Space Fact of the Week
NASA Makes Plans for Ocean Worlds
Illustration of Cassini spacecraft in Enceladus plume
NASA recently shared new research regarding the "Ocean World" moons of Saturn and Jupiter!
While orbiting Saturn, the Cassini spacecraft has discovered evidence of hydrogen gas emitting from the plumes on Saturn’s moon, Enceladus. Researchers believe this indicates that Enceladus has an ocean just beneath the surface, which is where the hydrogen plumes come from! Although no life has been discovered, these plumes could be an energy source for life on Enceladus. "Although we can’t detect life, we’ve found that there’s a food source there for it. It would be like a candy store for microbes, " said Hunter Waite, team lead for Cassini’s ion and neutral mass spectrometer.
NASA also recently found new information about the plumes on Europa, Jupiter’s moon and it is also anticipated to have an ocean beneath its surface. The plumes on Europa had been previously detected by the Hubble Space Telescope but appeared to be intermittent. Now, NASA is in the process of developing Europa Clipper, a mission to Europa that will orbit Jupiter and make multiple flybys of the moon to gather more research. An ultraviolet spectrometer is going to act as the "plume finder" on Europa Clipper and will be able to decipher the composition of the plumes. This mission is estimated for launch as soon as 2022, depending on the launch vehicle!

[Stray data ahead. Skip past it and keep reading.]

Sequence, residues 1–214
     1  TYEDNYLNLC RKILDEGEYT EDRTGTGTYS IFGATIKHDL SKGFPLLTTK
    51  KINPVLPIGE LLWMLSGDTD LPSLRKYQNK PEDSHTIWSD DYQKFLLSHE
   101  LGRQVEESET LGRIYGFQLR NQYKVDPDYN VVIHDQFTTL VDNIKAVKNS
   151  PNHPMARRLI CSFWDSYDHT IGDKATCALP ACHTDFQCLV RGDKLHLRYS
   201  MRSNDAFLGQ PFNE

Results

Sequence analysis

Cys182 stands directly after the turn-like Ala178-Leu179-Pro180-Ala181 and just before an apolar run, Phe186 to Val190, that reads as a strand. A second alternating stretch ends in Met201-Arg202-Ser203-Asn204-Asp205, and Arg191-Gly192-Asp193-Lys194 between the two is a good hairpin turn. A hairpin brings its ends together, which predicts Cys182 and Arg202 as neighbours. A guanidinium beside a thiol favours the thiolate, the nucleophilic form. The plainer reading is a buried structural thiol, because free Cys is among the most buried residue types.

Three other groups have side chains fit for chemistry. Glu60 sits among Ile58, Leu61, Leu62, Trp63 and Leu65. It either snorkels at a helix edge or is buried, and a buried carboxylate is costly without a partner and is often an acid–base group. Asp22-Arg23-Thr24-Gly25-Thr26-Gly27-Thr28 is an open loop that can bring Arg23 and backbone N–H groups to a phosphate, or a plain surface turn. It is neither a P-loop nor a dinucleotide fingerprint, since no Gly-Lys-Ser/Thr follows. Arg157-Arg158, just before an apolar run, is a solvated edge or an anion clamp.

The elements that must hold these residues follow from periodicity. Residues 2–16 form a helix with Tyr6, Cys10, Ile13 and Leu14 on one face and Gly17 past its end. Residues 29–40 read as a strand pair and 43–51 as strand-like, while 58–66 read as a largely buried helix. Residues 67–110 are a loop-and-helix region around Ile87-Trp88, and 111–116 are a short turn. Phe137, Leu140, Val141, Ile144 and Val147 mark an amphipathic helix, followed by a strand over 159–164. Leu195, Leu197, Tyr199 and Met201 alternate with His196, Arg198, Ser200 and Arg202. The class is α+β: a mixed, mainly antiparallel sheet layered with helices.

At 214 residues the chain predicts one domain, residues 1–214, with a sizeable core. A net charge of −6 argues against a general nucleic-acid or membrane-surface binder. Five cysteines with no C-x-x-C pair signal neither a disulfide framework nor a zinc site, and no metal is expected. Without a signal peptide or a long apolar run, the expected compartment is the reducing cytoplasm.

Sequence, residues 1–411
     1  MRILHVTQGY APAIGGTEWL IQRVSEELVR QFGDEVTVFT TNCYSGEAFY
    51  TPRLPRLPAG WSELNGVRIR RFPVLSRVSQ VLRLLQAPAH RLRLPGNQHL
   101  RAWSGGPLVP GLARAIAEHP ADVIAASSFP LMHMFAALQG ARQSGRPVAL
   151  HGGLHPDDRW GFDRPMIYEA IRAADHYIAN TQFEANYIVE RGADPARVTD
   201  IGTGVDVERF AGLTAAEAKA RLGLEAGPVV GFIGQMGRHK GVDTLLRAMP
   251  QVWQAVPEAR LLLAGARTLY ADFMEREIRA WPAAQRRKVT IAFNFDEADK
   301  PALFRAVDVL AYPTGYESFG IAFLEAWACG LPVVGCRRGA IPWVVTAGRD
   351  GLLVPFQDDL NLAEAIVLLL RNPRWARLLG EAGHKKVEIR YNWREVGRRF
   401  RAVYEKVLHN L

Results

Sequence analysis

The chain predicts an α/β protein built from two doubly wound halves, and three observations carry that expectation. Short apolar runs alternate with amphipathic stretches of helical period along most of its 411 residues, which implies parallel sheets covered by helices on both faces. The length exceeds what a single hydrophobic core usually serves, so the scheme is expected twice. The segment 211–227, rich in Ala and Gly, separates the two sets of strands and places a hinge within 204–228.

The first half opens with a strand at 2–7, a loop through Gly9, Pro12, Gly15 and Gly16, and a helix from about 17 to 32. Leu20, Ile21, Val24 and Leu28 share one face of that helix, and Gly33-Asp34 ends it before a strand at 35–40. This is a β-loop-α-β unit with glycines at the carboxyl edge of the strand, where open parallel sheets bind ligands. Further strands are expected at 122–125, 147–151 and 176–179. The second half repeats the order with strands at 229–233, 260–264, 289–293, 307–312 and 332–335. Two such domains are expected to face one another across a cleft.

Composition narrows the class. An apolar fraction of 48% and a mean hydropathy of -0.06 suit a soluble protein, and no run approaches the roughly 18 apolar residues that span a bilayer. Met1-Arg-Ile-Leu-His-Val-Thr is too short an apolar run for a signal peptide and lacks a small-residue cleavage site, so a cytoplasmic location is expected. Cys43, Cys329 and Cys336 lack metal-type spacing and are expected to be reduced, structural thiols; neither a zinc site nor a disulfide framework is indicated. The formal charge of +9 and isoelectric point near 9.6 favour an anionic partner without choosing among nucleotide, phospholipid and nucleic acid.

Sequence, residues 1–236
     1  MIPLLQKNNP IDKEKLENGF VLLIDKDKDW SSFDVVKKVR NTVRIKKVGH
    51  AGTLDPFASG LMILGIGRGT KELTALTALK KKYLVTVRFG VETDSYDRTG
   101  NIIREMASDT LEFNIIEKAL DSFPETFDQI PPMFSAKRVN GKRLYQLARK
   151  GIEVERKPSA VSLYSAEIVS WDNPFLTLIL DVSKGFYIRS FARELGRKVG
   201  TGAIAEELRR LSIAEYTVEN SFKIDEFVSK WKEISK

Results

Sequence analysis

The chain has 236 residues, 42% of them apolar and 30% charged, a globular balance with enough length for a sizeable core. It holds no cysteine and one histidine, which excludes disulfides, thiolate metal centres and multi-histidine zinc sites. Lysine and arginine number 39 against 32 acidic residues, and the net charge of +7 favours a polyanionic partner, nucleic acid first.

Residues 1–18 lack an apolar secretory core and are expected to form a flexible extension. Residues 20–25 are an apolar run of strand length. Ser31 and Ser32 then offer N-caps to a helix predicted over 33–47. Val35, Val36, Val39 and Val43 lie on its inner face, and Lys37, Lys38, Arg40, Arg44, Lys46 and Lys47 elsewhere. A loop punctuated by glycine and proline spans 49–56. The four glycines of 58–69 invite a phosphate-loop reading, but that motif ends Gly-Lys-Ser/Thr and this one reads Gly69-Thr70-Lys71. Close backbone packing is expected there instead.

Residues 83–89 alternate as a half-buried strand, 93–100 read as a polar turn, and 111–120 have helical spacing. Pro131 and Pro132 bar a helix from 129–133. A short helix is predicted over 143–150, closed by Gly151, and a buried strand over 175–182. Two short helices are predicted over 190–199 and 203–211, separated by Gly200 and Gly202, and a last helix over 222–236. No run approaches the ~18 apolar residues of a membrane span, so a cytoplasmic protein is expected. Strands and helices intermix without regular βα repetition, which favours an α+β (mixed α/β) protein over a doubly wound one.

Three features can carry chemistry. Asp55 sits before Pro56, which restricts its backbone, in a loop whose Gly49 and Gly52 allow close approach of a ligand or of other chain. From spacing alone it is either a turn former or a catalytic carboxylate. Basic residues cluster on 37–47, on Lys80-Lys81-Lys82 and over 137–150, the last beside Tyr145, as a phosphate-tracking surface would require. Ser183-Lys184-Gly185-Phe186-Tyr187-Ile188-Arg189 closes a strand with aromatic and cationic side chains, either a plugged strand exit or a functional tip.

Looking at the age of Europa vs Enceladus, it seems more likely at this point that Europa has a better change of supporting life, as it was formed more than 4 billion years ago when Jupiter was formed. "That’s a lot more time for life to have emerged and start taking advantage of these energy sources, " Astrobiology senior scientist at NASA Headquarters, Mary Voytek said. "So my money, for the moment, is still on Europa. "